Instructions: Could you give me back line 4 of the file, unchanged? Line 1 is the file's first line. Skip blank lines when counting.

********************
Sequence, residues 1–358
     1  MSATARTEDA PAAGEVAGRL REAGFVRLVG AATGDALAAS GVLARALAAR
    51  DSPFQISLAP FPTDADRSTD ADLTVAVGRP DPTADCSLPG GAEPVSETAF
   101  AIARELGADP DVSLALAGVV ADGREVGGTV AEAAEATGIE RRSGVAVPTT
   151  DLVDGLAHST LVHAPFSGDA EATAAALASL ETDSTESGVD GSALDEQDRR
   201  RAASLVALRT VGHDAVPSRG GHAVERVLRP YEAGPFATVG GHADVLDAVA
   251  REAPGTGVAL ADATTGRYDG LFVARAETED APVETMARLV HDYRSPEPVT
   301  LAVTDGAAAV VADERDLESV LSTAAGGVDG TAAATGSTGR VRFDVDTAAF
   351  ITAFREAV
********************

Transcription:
   101  AIARELGADP DVSLALAGVV ADGREVGGTV AEAAEATGIE RRSGVAVPTT